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Wigginton v. Q Order /Q of United Commercial Travelers of America.

February 9, 1942

WIGGINTON
v.
ORDER OF UNITED COMMERCIAL TRAVELERS OF AMERICA.



Appeal from the District Court of the United States for the Southern District of Indiana, Evansville Division; Robert C. Baltzell, Judge.

Author: Minton

Before MAJOR and MINTON, Circuit Judges, and LINDLEY, District Judge.

MINTON, Circuit Judge.

Charles S. Wigginton died November 4, 1939 in his office in Evansville, Indiana, as the result of a gunshot wound. At the time of his death he was a Class A member in good stnding of the Order of United Commercial Travelers of America, the appellant herein. The appellant is a fraternal benefit society incorporated and existing under the laws of Ohio and authorized to do business in Indiana. It had issued on January 2, 1914 to the deceased, Wigginton, an insurance certificate which contained the following provision:

"This Certificate, the Constitution, Bylaws and Articles of Incorporation of said Order, together with the application for insurance signed by said Insured Member, shall constitute the contract between said Order and said Insured Member and shall govern the payment of benefits, and any changes, additions or amendments to said Constitution, By-laws, or Articles of Incorporation, hereafter duly made, shall bind said Order and said Insured Member and his beneficiary or beneficiaries, and shall govern and control the contract in all respects."

The benefit certificate when issued to the deceased contained this provision from the association's constitution:

"Class A. Insured Members shall be indemnified, in accordance with the terms hereinafter set out in this Article, against the results of bodily injury hereinafter mentioned effected through external, violent and accidental means, herein termed the accident, which shall be occasioned by the said accident alone and independent of all other causes.

"Item (11) For death . . . $6,300.00

"Five Thousand ($5,000.00) Dollars of which shall be paid within ninety (90) days from the receipt by the Supreme Executive Committee of satisfactory final proofs of death and Thirteen Hundred ($1300.00) Dollars in weekly installments of Twenty-five ($25.00) Dollars each, beginning within ninety (90) days from the receipt of such final proofs."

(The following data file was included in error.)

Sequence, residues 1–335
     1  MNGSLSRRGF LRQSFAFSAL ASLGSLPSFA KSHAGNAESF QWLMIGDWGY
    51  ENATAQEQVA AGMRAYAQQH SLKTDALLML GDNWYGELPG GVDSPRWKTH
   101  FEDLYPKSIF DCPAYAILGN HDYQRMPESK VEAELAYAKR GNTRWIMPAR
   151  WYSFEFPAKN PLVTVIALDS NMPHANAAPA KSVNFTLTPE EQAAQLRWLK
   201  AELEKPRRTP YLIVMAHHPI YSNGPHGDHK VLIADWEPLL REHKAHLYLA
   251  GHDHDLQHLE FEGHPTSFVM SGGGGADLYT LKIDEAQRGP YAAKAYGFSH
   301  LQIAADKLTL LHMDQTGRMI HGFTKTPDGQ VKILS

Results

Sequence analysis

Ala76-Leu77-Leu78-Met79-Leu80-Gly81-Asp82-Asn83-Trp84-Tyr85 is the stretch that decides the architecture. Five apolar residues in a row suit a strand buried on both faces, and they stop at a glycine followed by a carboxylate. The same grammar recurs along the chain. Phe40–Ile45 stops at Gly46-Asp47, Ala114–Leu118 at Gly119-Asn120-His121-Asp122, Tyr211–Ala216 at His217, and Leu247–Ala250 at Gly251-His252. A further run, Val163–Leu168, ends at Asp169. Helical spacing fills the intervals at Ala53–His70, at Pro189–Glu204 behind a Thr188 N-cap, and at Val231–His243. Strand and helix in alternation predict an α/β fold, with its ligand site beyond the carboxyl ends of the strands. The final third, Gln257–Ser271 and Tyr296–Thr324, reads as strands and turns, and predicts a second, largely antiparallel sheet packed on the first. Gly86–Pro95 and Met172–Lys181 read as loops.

At the annual meeting of the Supreme Council of the appellant held in 1931 the following change was made in the constitution of the appellant:

"Nor shall the Order be liable for any death benefit when the member dies as the result of injuries sustained as a result of a funshor wound or the alleged accidental discharge of firearms where there is no eyewitness except the member himself, in an amount greater than Five Hundred Dollars ($500.00)."

Thus it will be seen by the amendment of the constitution the appellant has purported to change the contract with the deceased as to appellant's liability thereunder if death was caused by a gunshor wound.

The appellee was the wife of deceased and the beneficiary in the certificate. She brought suit in the Superior Court of Vanderburgh County, Indiana, to recover. The appellant, the defendant below, removed the case to the United States District Court for the Southern District of Indiana on the grounds of diversity of citizenship. The appellee recovered a judgment and this appeal followed.

We are presented with a question on the evidence as to whether there was an eyewitness, within the meaning of the constitution as amended, and a question as to the validity of the change in the constitution of 1931 as applied to the certificate issued to the deceased, Wigginton.

We lay to one side the question of the validity of the amendment to the constitution and proceed to a determination of whether under the undisputed facts in this case there was an eyewitness within the meaning of the amendment.

Since the facts are not in dispute, we are free to consider them and to reach our own conclusion, untrammeled by the District Court's findings and conclusions of law. Especially is this rule applicable in the case at bar, where all the facts are stipulated. United States v. Anderson Company, 7 cir., 119 F.2d 343, ...


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